Sunday, December 19, 2010

2007 cable: Cuban agents clamp down on "opposition art show"

This cable describes Cuban state security's efforts to prevent people from attending an "opposition art show" that the USINT helped put together.

Reference ID Created Released Classification Origin
07HAVANA210 2007-03-05 19:07 2010-12-16 21:09 CONFIDENTIAL US Interests Section Havana

VZCZCXRO7523
RR RUEHAG RUEHROV
DE RUEHUB #0210/01 0641945
ZNY CCCCC ZZH
R 051945Z MAR 07
FM USINT HAVANA
TO RUEHC/SECSTATE WASHDC 1392
INFO RUCNMEM/EU MEMBER STATES COLLECTIVE
RUEHWH/WESTERN HEMISPHERIC AFFAIRS DIPL POSTS
RUESDM/JTLO MIAMI FL
RHEHAAA/NATIONAL SECURITY COUNCIL WASHINGTON DC
RUEHGV/USMISSION GENEVA 0063
RUMIAAA/USCINCSO MIAMI FL

C O N F I D E N T I A L SECTION 01 OF 02 HAVANA 000210

SIPDIS

SIPDIS

STATE DEPT FOR WHA/CCA

E.O. 12958: DECL: 03/05/2017
TAGS: PHUM KDEM SOCI CU
SUBJECT: CUBAN OPPOSITION TO REGIME: THE (ART) SHOW MUST GO
ON

HAVANA 00000210 001.3 OF 002

Classified By: COM Michael E. Parmly for Reason 1.4(d).

¶1. (C) Summary: Using detentions, mob actions and other
methods, the Cuban Government blocked at least 27
pro-democracy and human rights activists from attending a
USINT-facilitated opposition art show on March 2, but at
least 70 others managed to participate. State Security
focused on youth activists, arresting, detaining or summoning
many of the 27, including XXXXXXXXXXXX and
XXXXXXXXXXXX. USINT is aware of only one case of
violence: Communist militants punched XXXXXXXXXXXX
a number of times and roughed up two other activists as they
tried to leave Santa Clara. Militant mobs, made up largely of
veterans, were mobilized against at least five Santa Clara activists.
The art exhibition, held at the PAOR, featured dozens of paintings
and other works, many with a political message. Uncensored news
materials were distributed and discussion flowed freely among
participants, who included XXXXXXXXXXXX. End Summary.

¶2. (C) Cuban State Security launched operations against
dissidents in Havana and the provinces of Matanzas, Santiago
and Villa Clara on March 2, preventing at least 27 mostly
young activists from attending an opposition art show in
Havana. Two key organizers of the event – XXXXXXXXXXXX
and XXXXXXXXXXXX- were prevented from attending, and
another, XXXXXXXXXXXX, remains incommunicado.
XXXXXXXXXXXX told us on March 5 that he complied with a
GOC order to appear at an immigration office in Havana on March 2
but was detained there until 8:30 pm, when the event ended.
XXXXXXXXXXXX said a State Security major alluded to the
event and mentioned the names of some of the participants.
XXXXXXXXXXXX said the political police also confiscated his
cell phone, its account based in Sweden.

¶3. (C) XXXXXXXXXXXX told us late on March 2 that police
took him into custody four blocks from the PAOR and released
him after the event ended. Among other activists blocked were
, XXXXXXXXXXXX. At least 12 activists in Santiago were
prevented from attending, including XXXXXXXXXXXX, who
was detained. Of 17 invitees from Santa Clara, only five
managed to attend the show. Militant mobs were deployed
outside the homes of a number of Santa Clara activists,
including XXXXXXXXXXXX
¶4. (C) XXXXXXXXXXXX met with us on March 5 and said he
and two other activists, XXXXXXXXXXXX and
XXXXXXXXXXXX were attacked by a mob while trying to leave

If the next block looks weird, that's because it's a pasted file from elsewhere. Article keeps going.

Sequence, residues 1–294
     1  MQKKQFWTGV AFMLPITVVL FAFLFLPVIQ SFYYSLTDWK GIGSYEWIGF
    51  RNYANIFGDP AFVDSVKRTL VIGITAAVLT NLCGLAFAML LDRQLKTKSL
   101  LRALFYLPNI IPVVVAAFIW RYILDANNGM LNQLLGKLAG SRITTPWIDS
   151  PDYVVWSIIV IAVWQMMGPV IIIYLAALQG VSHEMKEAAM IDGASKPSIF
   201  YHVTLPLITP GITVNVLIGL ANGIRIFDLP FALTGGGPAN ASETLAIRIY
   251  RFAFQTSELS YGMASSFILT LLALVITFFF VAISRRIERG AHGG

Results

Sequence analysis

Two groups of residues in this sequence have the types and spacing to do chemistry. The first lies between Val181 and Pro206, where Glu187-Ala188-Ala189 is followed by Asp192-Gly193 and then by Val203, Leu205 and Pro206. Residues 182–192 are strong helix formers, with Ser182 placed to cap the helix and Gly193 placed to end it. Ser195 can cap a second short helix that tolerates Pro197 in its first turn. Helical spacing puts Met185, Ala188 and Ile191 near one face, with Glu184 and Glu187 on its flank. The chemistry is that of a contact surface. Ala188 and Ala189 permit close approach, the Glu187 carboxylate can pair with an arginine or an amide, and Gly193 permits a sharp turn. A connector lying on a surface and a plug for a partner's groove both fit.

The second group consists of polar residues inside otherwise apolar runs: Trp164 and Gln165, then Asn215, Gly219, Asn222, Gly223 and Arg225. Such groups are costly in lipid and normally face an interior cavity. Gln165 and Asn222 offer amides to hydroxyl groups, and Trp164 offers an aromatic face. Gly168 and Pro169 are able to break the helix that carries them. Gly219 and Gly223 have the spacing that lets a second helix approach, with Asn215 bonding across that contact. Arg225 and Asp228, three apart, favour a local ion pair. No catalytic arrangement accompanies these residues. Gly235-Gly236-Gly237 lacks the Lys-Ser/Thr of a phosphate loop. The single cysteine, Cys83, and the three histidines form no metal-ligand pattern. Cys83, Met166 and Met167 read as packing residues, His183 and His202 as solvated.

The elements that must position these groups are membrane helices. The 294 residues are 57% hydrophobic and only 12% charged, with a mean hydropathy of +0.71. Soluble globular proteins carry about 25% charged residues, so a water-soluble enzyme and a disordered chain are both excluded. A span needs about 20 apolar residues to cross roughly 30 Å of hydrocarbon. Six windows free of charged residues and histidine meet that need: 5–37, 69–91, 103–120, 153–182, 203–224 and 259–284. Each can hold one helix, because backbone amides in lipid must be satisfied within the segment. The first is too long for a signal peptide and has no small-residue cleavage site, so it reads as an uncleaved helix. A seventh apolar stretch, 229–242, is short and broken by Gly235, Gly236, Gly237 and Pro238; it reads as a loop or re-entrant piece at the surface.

Santa Clara at around 4 a.m. XXXXXXXXXXXX. He said the three
were confronted by six people - four militants and two suspected
State Security officials - and were quickly joined by four other thugs.
XXXXXXXXXXXX said they informed the activists that they could
not leave. XXXXXXXXXXXXsaid they lacked authority to block
their movement, and that if the militants had a problem they should
contact the police. This prompted a violent reaction by members of
the mob, who pushed and shoved XXXXXXXXXXXX colleagues
and punched XXXXXXXXXXXX several times, including in the
head, left arm and chest. (Note: XXXXXXXXXXXX. End
Note.) Although XXXXXXXXXXXX was rendered unable to
travel immediately to Havana, Fernandez was able to board a
bus and later attend the exhibition.

¶5. (C) At the art show, activists viewed dozens of paintings,
ceramic masks and other artworks produced by opposition
members. Among the works that generated the most buzz was
Edgard Lopez Moreno's "This Is My City," a dark and somber
scene of a city in disrepair, with gravestones representing
lost freedoms and the graffito "Down With Fidel," a message
that has landed more than one dissident in jail for
disrespect. Participants also gathered in small groups to
discuss the GOC's latest crackdown, make new contacts and
pose for photos in front of the prisoners of conscience
quilt, on loan from a U.S. NGO. Among those present were
four artists who took part in a half-hour art competition, in
which they each sketched a portrait of Poloff's dog.
Invitees then cast ballots on which sketch captured the best
likeness, and the two leading vote-getters were each awarded
an artistic photography book from the United States.

COMMENT
-------

¶6. (C) The regime's blocking of at least 27 youth activists
follows the same pattern as the week before, when the GOC
prevented at least 22 dissidents from attending the February
23 closure of the "Congress" of independent librarians
affiliated with XXXXXXXXXXXX. The latest crackdown
underlines the regime's sensitivity over political activities by
the country's youth, who are largely disenfranchised, frustrated
and eager for change.
PARMLY

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